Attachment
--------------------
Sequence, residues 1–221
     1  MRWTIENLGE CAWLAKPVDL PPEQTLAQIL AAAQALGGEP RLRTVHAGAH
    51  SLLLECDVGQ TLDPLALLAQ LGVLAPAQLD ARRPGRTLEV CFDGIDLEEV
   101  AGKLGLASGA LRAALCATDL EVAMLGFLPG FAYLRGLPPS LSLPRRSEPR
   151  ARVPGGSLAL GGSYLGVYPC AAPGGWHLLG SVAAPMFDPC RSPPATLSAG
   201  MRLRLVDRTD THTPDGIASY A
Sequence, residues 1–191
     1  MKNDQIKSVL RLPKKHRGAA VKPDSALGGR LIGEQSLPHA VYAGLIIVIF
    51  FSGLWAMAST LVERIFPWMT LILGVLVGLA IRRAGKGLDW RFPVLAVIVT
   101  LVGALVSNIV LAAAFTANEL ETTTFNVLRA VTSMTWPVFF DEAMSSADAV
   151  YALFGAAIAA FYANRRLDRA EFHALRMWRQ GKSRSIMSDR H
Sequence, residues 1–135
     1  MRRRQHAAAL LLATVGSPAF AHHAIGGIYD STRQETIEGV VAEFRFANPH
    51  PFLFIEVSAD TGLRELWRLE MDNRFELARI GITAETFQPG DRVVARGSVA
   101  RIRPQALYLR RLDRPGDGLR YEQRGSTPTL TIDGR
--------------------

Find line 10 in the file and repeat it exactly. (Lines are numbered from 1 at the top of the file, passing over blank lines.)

   101  LVGALVSNIV LAAAFTANEL ETTTFNVLRA VTSMTWPVFF DEAMSSADAV